I get these bizarre obsessions once in a while and the making of the dish being obsessed over suddenly takes priority over everything else in my to-cook list. Baked beans suddenly became this latest dish, due in part to my having a large bottle of maple syrup from Toronto. The recipe below isn’t for the true Boston baked beans (for that, substitute the maple syrup for molasses and even then that might bring up arguments) but instead is more like a Québécois feves au lard and is just as delicious.

Baked Beans

I’d rarely cooked beans from dry, usually using canned ones when cooking. However, these beans were tender in a much shorter amount of time than I expected – only about 2-3 hours on the stove. I’ve always loved baked beans in this style and they’re one thing (amongst many) from North America that I do miss. While all the cans of baked beans in the UK are full of tomatoes and sugar, there are lots of variants available over the pond – in tomato sauce, with pork, with cocktail hot dogs, with molasses, with maple syrup, with brown sugar, in barbecue sauce. I do love them all but, for me, while I’m happy to mix and match the sweeteners, melt-in-your-mouth, slow cooked bacon is a must. The beans from this recipe were sweet but not too sweet and wonderfully porky.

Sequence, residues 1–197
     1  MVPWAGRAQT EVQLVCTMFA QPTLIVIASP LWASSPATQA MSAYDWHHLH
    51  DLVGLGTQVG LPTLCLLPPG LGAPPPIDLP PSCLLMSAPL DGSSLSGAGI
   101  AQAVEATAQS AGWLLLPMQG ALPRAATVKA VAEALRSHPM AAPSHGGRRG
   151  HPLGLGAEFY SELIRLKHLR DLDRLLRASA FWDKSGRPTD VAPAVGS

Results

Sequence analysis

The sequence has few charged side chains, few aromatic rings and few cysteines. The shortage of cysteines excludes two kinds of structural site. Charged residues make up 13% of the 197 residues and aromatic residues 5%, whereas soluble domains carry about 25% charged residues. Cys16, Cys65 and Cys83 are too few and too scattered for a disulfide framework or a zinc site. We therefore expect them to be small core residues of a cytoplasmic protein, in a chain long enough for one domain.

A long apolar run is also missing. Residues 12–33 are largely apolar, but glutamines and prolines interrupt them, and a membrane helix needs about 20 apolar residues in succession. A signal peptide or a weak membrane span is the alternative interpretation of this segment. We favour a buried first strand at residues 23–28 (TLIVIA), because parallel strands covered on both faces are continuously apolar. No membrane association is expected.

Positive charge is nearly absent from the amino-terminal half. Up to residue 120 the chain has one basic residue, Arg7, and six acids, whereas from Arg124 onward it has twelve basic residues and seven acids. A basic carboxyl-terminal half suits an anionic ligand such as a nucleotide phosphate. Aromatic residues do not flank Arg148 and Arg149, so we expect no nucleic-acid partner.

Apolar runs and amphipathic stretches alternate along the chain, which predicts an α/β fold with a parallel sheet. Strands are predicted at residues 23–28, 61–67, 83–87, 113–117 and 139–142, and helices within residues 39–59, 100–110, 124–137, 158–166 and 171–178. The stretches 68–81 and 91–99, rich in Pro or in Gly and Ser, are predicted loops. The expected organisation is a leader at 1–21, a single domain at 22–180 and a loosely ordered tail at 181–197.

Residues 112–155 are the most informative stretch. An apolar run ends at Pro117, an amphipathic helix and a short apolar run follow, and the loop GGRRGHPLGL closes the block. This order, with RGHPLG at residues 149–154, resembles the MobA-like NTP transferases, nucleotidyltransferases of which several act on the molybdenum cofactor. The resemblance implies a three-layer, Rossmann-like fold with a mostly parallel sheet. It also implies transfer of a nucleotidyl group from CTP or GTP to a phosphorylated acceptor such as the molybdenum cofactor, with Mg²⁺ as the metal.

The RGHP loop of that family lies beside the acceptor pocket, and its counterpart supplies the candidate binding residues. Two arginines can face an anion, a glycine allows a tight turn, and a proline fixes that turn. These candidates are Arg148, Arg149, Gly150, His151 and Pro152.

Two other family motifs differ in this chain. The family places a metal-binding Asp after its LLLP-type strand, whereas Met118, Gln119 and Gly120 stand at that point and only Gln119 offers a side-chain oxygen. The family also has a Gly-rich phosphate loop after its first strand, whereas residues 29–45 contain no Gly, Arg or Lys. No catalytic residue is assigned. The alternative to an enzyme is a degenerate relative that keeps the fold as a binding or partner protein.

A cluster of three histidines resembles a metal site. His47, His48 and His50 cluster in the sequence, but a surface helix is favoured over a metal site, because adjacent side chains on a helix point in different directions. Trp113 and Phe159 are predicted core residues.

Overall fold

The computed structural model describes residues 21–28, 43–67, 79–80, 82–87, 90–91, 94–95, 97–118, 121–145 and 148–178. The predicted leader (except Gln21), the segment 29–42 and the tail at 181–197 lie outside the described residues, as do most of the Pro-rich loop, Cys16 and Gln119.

Baked Beans

But it wasn’t just the baked beans I wanted; I had to have the entire bean supper. Baked beans are very traditional in New England and baked bean suppers are often held as fundraisers for churches and other public services; a great description of both can be found here at the Maine Farmhouse Journal – they are feasts! Along with the baked beans themselves, hot dogs, bread, salads and desserts are served. The traditional bread to have alongside is a unique steamed brown bread but I opted instead to serve a Bostonian baked bun, the Parker House roll (recipe in my next post). It was a real stick-to-your-ribs meal, perfect for a cold night or just big appetites!

A Baked Bean Supper

The leftovers keep very well too. When cooked together with sliced frankfurters/hot dogs, you end up with beanies and weenies (aka franks and beans) – I love its name.

Maple Baked Beans
serves 6-8, depending on appetites.

500g dried beans (I used flageolet but haricot, cannellini or kidney beans would also work)
a 400g chunk of salt pork or bacon (I used a Polish boczek), cut into smaller pieces
60 ml maple syrup
1.5 tbsp dark brown sugar
2 tbsps dark rum (optional)
1 large onion, chopped
1 tbsp Worcestershire sauce
2 cloves
1 tbsp dried mustard
salt and freshly ground black pepper

The night before, dump your beans into a large pot/casserole, cover with lots of cold water and leave to soak overnight.

The next day, drain the water and add the onion, bacon, cloves, mustard, maple syrup, sugar, Worcester sauce and rum, if using. Add water to cover and set the whole thing over medium-high heat. When it starts boiling, turn the heat to low and leave to simmer, stirring occasionally, for about 2-3 hours, until the beans are tender.

Preheat your oven to 160 Celsius. After the 2-3 hours on the stove (until the beans are tender), season with salt and pepper and then pop it into the oven without a lid on. A crust should have formed after an hour and it’ll be ready to serve. To cook it the entire time in the oven, you’ll want to cover it and place it in there for about 5 hours prior to removing the lid. You’ll also want to check periodically to make sure it isn’t drying out.